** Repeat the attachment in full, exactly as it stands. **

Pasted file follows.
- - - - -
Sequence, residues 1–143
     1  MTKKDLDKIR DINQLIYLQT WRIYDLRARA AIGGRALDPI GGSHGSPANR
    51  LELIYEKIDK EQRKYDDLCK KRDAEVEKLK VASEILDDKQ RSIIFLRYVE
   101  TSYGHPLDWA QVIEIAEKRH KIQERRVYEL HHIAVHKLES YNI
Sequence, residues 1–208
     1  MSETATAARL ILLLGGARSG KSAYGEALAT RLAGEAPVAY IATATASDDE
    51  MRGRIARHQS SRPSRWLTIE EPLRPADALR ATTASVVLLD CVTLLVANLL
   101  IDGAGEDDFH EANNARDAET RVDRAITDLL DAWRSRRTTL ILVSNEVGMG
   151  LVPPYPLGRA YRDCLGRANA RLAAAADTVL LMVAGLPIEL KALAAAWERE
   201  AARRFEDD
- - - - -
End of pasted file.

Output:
Sequence, residues 1–143
     1  MTKKDLDKIR DINQLIYLQT WRIYDLRARA AIGGRALDPI GGSHGSPANR
    51  LELIYEKIDK EQRKYDDLCK KRDAEVEKLK VASEILDDKQ RSIIFLRYVE
   101  TSYGHPLDWA QVIEIAEKRH KIQERRVYEL HHIAVHKLES YNI
Sequence, residues 1–208
     1  MSETATAARL ILLLGGARSG KSAYGEALAT RLAGEAPVAY IATATASDDE
    51  MRGRIARHQS SRPSRWLTIE EPLRPADALR ATTASVVLLD CVTLLVANLL
   101  IDGAGEDDFH EANNARDAET RVDRAITDLL DAWRSRRTTL ILVSNEVGMG
   151  LVPPYPLGRA YRDCLGRANA RLAAAADTVL LMVAGLPIEL KALAAAWERE
   201  AARRFEDD